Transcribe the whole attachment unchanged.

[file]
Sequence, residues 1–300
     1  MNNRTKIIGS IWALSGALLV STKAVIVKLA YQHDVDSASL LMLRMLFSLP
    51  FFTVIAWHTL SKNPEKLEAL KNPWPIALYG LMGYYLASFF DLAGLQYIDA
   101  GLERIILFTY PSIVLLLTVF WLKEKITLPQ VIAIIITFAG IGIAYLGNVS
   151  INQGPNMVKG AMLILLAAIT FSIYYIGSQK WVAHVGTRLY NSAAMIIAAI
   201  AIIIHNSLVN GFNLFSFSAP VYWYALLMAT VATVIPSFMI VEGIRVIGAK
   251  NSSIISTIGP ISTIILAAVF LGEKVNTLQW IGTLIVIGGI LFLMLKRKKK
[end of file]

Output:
Sequence, residues 1–300
     1  MNNRTKIIGS IWALSGALLV STKAVIVKLA YQHDVDSASL LMLRMLFSLP
    51  FFTVIAWHTL SKNPEKLEAL KNPWPIALYG LMGYYLASFF DLAGLQYIDA
   101  GLERIILFTY PSIVLLLTVF WLKEKITLPQ VIAIIITFAG IGIAYLGNVS
   151  INQGPNMVKG AMLILLAAIT FSIYYIGSQK WVAHVGTRLY NSAAMIIAAI
   201  AIIIHNSLVN GFNLFSFSAP VYWYALLMAT VATVIPSFMI VEGIRVIGAK
   251  NSSIISTIGP ISTIILAAVF LGEKVNTLQW IGTLIVIGGI LFLMLKRKKK